The 4Rs – restore, reduce, remove and re imagine success – are part of the strategic planning process, says global accountancy body
The accountant’s role in managing natural capital – resources like water, land, minerals, and oceans – is explained by ACCA (the Association of Chartered Certified Accountants) in a new online resource and accompanying guides for business leaders, performance managers, corporate reporters and auditors and assurers.
In Professional accountants changing business for the planet: A guide to natural capital management ACCA advises that accountants should begin the journey to understanding their natural capital risks and opportunities by connecting their organisation’s value chain to its areas of natural capital dependency and impact.
A strong sustainability governance framework should also be put in place, that integrates with the organisation’s strategy, risk management, systems and staff development.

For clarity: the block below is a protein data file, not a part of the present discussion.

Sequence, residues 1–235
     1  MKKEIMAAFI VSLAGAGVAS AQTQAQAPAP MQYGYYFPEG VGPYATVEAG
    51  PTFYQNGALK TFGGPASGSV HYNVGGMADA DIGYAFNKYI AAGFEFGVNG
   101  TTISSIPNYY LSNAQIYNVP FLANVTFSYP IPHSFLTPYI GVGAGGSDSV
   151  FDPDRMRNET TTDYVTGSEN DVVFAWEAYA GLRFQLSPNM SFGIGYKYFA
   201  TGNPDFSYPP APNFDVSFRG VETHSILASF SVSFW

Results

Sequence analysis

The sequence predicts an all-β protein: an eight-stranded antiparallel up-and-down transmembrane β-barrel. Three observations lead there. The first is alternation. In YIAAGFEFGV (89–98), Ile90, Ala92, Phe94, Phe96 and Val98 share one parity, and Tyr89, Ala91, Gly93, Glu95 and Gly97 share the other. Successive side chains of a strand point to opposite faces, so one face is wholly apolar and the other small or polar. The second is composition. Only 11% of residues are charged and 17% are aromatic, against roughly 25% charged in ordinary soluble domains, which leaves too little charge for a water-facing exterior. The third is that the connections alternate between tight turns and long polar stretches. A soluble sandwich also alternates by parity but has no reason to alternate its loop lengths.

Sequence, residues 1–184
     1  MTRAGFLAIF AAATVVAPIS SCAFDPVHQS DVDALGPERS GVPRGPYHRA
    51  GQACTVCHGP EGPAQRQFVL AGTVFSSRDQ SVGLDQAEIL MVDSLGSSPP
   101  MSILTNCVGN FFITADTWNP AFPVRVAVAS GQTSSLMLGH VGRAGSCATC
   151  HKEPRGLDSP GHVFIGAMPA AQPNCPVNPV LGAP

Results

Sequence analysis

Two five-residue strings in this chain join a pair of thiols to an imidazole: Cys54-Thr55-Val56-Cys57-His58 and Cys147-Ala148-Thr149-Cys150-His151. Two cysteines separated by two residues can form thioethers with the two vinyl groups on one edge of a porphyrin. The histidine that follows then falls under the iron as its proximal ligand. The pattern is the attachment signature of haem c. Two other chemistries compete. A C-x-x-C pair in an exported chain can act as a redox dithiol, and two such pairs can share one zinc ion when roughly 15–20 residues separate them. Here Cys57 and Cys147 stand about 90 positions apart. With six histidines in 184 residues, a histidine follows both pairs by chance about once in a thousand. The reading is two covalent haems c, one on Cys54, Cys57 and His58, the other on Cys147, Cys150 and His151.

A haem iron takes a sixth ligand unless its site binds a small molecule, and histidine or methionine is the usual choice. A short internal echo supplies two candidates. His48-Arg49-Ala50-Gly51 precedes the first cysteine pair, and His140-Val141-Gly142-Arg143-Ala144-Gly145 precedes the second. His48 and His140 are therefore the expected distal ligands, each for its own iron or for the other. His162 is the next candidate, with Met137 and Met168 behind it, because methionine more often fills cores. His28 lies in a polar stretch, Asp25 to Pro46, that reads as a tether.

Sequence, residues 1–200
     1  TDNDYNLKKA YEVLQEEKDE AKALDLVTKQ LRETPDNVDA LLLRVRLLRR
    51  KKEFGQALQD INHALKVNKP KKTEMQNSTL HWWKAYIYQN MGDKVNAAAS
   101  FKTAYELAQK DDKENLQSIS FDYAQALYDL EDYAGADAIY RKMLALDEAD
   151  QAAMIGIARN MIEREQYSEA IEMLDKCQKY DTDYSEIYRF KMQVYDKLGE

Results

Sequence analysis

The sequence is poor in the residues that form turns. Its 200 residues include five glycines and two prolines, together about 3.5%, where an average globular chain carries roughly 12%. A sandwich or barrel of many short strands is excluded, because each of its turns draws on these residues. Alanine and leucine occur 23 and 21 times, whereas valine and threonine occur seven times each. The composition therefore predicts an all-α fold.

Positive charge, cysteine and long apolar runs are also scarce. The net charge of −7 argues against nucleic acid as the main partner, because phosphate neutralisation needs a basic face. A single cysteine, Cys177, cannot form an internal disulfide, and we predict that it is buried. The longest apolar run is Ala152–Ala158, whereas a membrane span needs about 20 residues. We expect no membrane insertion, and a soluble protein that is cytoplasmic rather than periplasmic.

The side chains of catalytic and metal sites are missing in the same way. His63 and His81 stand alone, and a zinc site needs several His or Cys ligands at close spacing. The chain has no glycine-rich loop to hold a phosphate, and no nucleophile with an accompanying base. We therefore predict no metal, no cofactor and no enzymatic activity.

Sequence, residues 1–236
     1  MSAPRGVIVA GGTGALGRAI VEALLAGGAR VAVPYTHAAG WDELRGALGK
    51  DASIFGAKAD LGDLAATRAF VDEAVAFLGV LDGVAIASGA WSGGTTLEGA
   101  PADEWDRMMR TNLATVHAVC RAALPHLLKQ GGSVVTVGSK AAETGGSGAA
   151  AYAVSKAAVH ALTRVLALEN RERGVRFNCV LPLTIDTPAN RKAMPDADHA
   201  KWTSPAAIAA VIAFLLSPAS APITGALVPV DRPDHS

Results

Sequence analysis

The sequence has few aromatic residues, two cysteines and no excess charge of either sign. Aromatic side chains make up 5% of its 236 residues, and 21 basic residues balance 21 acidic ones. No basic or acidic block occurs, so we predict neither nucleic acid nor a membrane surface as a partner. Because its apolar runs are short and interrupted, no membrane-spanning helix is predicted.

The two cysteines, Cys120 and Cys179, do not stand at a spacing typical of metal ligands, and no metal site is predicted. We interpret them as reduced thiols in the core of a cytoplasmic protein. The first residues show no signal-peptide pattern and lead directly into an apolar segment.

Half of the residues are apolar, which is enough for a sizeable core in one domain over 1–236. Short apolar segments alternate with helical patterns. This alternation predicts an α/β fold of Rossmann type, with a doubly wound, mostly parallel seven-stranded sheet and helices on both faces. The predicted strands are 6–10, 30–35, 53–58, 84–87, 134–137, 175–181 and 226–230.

Sharon Machado, portfolio head of business reporting and author of the guides explains: ‘For many professional accountants, formulating and executing natural capital strategies is likely to be a new experience, and a journey, that involves several key steps.So this series helps professional accountants to change business for the benefit of the planet, by providingsimple and practical explanations about the process. It includes case studies, alongside links to other helpful external resources from organisations such the Capitals Coalition and the Convention on Biological Diversity.’
The guides recommend using the 4Rs strategic framework – restore, reduce, remove and reimagine success- to help generate strategic options and ideas across the business. And to design and implement the natural capital strategy, the guides also advocate learning from other organisations to understand best practice.
Stakeholder management is also part of the journey, with ACCA setting out the need for relevant and reliable communication with stakeholders on plansand performance.
Sharon Machado concludes: ‘Professional accountants and leaders have direct responsibility for an organisation’s long-term financial well-being, through sustainable value creation. To do this they must assess and drive the strategic decision-making, finance, risk management and control, together with leading performance reporting. For many organisations, natural capital is a material factor underpinning the organisation’s resilience – therefore financial well-being will be inextricably linked to good natural capital management.’